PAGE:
I Switched to Internet-Only TV; Here’s What It’s Like

Read this and consider the pros and cons of live-streaming television from the web, before cancelling your cable TV subscription

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(Image: iStock.com/ AndreyPopov )

I live in an area monopolized by one internet service/cable TV provider, and was once their digital slave—but that was before I became fed up.

Throughout the years, as a customer, I experienced extended periods of internet and TV outages. During one outage, I was told by my cable company that the problem could not be fixed, because a failing piece of equipment was located in a locked room, in a privately-owned building, and the owner had left the area to go on a month’s vacation so could not be reached.

Seriously.

After years of infuriating customer service and steadily increasing cable bills—which often led to monthly financial crises, such as, “Do I pay the cable or electric bill? Wait, I can’t have cable without electricity!”—I cut the cord. I bought a Roku TV for under $200 and switched to internet service. My voice was almost tremulous with joy when I told my cable company to “terminate my cable TV—effective immediately.”

I’ve had internet TV for about three months now, and while I was exuberant over “cutting the cord,” there are some pros and cons to internet-only TV you should know, before you do the same:

 

The Pros:

 

1. A Glutton of Content to Choose From

 

I subscribed to Sling TV’s service.

My “must-have” channels are MSNBC, CNN, HBO, and AMC. According to Sling’s website, I can access these channels with the “Orange and Blue” subscription service, which costs $40.00 per month, plus another $15.00 for HBO. My subscription includes 50 channels, including SyFy, A&E, ESPN, Comedy Central, and more. However, I did notice that the service does not include another of my favorites, the Investigation Discovery channel.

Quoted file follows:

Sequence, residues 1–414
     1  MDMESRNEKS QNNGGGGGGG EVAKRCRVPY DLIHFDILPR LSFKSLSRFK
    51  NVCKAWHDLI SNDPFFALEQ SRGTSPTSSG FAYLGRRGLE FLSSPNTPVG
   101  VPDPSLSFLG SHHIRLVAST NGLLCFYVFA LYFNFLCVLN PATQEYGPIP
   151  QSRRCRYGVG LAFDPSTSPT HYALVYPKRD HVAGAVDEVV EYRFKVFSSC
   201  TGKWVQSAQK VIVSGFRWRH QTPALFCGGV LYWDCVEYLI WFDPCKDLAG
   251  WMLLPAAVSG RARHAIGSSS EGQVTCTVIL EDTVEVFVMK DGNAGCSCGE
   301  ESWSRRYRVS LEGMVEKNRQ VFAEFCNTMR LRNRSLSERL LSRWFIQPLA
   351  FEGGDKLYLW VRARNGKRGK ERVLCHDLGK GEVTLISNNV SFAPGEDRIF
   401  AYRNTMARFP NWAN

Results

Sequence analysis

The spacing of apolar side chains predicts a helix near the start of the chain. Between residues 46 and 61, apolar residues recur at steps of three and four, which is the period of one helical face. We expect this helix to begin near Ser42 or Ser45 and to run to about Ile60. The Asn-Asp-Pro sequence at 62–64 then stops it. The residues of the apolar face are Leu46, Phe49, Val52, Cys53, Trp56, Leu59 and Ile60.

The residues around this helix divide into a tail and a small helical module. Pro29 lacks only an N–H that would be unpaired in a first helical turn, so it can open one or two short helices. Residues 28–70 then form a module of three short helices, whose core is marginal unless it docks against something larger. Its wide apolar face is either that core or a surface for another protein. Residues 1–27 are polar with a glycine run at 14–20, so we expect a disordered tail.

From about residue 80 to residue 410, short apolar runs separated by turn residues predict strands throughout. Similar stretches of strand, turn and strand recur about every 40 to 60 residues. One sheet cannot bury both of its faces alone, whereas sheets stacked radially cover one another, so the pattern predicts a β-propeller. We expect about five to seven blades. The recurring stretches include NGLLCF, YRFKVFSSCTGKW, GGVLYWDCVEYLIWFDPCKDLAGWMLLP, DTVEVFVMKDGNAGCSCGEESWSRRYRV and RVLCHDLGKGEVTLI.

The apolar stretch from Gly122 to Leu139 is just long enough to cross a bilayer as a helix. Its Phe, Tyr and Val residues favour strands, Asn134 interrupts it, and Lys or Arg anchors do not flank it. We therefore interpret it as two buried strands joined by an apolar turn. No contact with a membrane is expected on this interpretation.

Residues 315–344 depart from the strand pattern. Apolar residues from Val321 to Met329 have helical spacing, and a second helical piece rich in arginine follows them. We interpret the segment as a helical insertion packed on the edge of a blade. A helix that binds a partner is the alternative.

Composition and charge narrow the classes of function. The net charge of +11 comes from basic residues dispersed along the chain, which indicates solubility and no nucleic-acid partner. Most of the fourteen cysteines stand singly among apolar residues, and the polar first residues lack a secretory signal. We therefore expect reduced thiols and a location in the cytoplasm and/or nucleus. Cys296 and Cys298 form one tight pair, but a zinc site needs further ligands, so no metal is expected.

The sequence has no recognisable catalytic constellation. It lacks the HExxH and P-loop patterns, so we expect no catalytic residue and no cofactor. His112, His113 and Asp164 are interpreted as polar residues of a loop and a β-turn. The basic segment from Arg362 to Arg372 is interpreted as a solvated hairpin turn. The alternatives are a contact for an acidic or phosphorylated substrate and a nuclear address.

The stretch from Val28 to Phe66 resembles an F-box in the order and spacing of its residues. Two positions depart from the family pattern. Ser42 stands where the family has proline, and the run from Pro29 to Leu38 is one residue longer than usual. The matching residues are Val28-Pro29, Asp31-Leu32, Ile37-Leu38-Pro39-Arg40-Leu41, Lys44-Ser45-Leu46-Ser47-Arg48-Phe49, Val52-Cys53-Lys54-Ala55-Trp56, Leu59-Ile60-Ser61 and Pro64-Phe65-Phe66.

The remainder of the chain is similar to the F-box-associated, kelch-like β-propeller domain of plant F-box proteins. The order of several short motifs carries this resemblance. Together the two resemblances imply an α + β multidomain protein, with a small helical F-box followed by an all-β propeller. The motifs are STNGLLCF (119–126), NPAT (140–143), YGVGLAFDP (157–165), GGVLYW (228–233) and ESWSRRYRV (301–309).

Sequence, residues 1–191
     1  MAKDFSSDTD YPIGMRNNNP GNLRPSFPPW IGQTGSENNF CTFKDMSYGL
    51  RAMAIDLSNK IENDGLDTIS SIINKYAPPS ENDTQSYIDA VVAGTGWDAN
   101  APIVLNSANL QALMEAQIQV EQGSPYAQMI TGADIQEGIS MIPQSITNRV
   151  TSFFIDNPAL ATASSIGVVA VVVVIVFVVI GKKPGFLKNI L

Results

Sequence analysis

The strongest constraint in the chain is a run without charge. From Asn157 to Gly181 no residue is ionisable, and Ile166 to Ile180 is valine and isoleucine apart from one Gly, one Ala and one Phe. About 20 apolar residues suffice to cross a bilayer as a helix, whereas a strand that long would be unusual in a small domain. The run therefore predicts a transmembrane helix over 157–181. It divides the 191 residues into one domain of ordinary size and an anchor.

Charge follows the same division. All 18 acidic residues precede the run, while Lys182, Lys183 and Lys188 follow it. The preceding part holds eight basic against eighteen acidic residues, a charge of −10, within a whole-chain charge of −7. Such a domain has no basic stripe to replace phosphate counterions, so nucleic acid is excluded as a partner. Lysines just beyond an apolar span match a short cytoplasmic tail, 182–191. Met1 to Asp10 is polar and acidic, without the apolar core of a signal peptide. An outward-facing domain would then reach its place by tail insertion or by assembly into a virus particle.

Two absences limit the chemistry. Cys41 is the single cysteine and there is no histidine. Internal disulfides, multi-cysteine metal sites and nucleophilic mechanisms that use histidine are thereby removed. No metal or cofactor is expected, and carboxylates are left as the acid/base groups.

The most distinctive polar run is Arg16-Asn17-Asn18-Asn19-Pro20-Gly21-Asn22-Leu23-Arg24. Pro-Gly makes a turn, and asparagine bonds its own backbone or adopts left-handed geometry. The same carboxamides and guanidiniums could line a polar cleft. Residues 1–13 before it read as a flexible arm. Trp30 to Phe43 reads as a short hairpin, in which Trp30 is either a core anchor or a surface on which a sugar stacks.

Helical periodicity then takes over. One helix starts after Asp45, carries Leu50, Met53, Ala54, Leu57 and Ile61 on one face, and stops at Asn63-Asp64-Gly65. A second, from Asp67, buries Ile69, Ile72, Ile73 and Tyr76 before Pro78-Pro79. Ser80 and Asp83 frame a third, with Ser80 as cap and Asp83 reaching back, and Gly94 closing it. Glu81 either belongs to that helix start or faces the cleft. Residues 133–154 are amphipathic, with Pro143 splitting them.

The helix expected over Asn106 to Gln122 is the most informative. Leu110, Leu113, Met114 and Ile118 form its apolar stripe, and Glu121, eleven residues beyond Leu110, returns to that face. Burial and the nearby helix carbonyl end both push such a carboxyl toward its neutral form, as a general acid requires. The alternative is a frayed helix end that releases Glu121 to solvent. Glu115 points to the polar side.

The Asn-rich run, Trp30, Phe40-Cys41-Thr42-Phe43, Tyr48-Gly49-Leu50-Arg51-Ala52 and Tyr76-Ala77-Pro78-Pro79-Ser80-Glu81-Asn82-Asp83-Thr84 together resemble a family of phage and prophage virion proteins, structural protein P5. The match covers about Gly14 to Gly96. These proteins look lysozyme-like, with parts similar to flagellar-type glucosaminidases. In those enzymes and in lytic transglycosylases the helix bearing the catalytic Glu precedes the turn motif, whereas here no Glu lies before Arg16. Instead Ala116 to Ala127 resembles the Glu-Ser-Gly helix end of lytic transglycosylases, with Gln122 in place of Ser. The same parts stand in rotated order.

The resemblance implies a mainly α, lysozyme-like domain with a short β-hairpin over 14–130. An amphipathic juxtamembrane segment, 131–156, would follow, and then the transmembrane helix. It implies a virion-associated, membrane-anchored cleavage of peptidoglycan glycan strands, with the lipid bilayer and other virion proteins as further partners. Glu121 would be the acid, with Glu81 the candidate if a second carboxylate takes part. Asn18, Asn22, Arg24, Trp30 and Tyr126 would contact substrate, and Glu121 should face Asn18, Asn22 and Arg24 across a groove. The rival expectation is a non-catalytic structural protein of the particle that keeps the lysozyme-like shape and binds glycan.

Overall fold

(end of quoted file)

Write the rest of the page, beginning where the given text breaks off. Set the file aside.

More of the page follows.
After poking around the settings on my Roku TV, I discovered that, in addition to Sling, I could sign up for other TV streaming services like Hulu and Crackle. Hulu features my favorite Investigation Discovery shows, so I’ve signed up for that as well, costing me an additional $10.00 per month.

Sling and Hulu also have entire series of old TV shows, such as All in the Family, What’s Happening, Star Trek, and more.

With internet TV, there is a lot of content to choose from, including independent internet channels. I can select a channel that includes content on dogs, or one featuring movies, or one that showcases programs made by and for African Americans. Most of these internet channels are also free.

2. Limited or No Commercials

 

For a little extra per month, some streaming services allow you to opt-out of watching commercials. If you don’t, the amount of commercials played on internet TV are still far less than on network TV, and you can even choose the type of commercials you would prefer to see. However, they do get very repetitive if you are binge watching

3. On-Demand Viewing

 

You can live-stream shows during their actual network broadcast time, or you can watch content, really, whenever you want, after it’s been added to a channel.

4. Savings

 

In comparison to my cable service, I was paying $145 monthly for slightly better than basic cable plus HBO, and $45 for high-speed internet. I still have the internet, but after cutting out cable, I’ve reduced my TV bill to $55 a month.

5. All-In-One Entertainment Hub

 

My Roku TV is my entertainment hub. I can connect my Xbox, a media server, my PC, and any device where my content lives.

6. Streaming to Multiple TVs via One Account

 

What I like about the Sling Blue and Orange account is that I can stream up to four TVs (or any other devices) with my one account. The Blue account provides three streams and the Orange, just a single stream.

 

See the cons on the next page.

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